October is commemorated as Pride Month in many parts of South Africa and Africa. So, what makes this month so special and why do we celebrate Pride in the first place?
LGBTIQ+ Pride can be a concept, a feeling, or a time (a day or a month) through which members of the LGBTIQ+ (Lesbian, Gay, Bisexual, Transgender, Intersex and Queer, plus) community celebrate their identity and community with ‘pride’.
This expression of pride is in response to the shame and stigma that so many of us experience in our lives – just for being ourselves or loving who we love.
The celebration of Pride is also a way to build a sense of belonging (to know that none of us is alone) as well as a means through which to highlight the injustices LGBTIQ+ people face and to demand equality and inclusion.
Pride, as we know it today, has its roots in what is known as the Stonewall Riots. On 28 June 1969, police again raided a popular LGBTIQ+ bar in New York City called the Stonewall Inn.
After years of experiencing these homophobic raids and harassment by the authorities, the furious bar patrons fought back. The rebellion ignited days of scuffles and protests in the streets.
The first Pride marches
Until that point, LGBTIQ+ people were very careful to not be public about their sexuality or gender identity to avoid discrimination and even arrest.
Inspired by the riots and ongoing injustices, members of the LGBTIQ+ community in the United States (US) started planning marches to defiantly assert their place in society.
The following year (1970), to mark the anniversary of the Stonewall Riots, marches were held in New York City and Chicago – the first-ever Pride marches. These events inspired many in the US and around the world and soon other major cities started holding their own protests and celebrations for LGBTIQ+ equality.
This public expression of LGBTIQ+ identity sparked a new confidence and led to a growing movement to demand the human rights of queer people.
Today, international Pride Month is celebrated in the US and other countries in June, with many global Pride marches and parades held around that period. In South Africa, we do things differently, of course.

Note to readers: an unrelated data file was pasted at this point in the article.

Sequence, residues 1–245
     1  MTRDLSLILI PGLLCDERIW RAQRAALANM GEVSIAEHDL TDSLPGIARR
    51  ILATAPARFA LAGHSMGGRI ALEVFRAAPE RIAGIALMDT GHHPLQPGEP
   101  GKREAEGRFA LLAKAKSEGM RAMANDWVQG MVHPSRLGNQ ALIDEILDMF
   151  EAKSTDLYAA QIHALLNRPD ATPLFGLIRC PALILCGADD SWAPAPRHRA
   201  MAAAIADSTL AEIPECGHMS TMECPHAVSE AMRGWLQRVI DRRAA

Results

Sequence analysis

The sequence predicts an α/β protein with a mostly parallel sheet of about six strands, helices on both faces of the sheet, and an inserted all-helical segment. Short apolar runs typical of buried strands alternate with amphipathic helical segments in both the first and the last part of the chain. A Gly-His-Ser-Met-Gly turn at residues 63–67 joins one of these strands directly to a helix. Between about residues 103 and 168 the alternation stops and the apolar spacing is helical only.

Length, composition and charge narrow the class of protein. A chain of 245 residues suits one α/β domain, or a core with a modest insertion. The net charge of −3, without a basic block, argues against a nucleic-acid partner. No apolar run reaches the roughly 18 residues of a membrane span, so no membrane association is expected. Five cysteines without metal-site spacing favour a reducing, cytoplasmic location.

The first Pride march in Africa
On 13 October 1990, Africa’s very first Pride march was held in Johannesburg. On that day, while still in the grip of the apartheid regime, around 800 people marched through the city to insist on their human rights.
The historic event was organised by the likes of the late gay anti-apartheid activist Simon Nkoli, queer filmmaker Beverly Ditsie, and Edwin Cameron, who went on to become a Constitutional Court judge.
Many of the participants wore paper bags over their heads out of fear of being identified and targeted by the authorities. At that time, it was illegal to be lesbian or gay. Because of the date of this historic event, October is celebrated as Pride Month in South Africa.
While Pride marches are still not common in other parts of Africa, they have blossomed around the country. Many South African cities and communities now hold some form of Pride march or celebration.
We’ve also come a long way when it comes to our rights! With the advent of democracy and our inclusive Constitution, we have laws in place that are intended to protect us from discrimination and to confirm our equality.
However, society, families and individuals have lagged behind our progressive laws. LGBTIQ+ South Africans continue to face hate, prejudice and even violence. This year alone, 19 known queer people have been brutally murdered across the country. And there are many other reports of non-lethal attacks.
This is why Pride remains important today – not just for a month but as an ongoing and affirming feeling about ourselves. Pride is a way to come together and identify with each other, celebrate our successes as a community, mourn those we have lost, and continue the struggle for full liberation and inclusion.
Pride in our health and wellbeing
Many studies have shown that LGBTIQ+ people face mental health challenges because of the stress of living in an often unfriendly community. We may face depression and turn to substances to cope. Fearful of stigma and discrimination we may not always be open to going to a clinic or doctor.
So, this Pride Month (and every other month), we urge you to not only be proud of your identity and your LGBTIQ+ community but also your own health. It’s the best thing you can do for yourself and your friends and partners. By taking steps to stay healthy – for example, testing, preventing, or treating HIV – you also help keep your community healthy. You (we) deserve good health and well-being, so take pride in it!
OUT’s Engage Men’s Health offers free and friendly sexual health services with pride to gay, bisexual, and other men who have sex with men (MSM). EMH is in Johannesburg, Nelson Mandela Bay and Buffalo City. Our services include free HIV and other STI testing, treatment, PrEP and also PEP. WhatsApp or call us on 082 607 1686.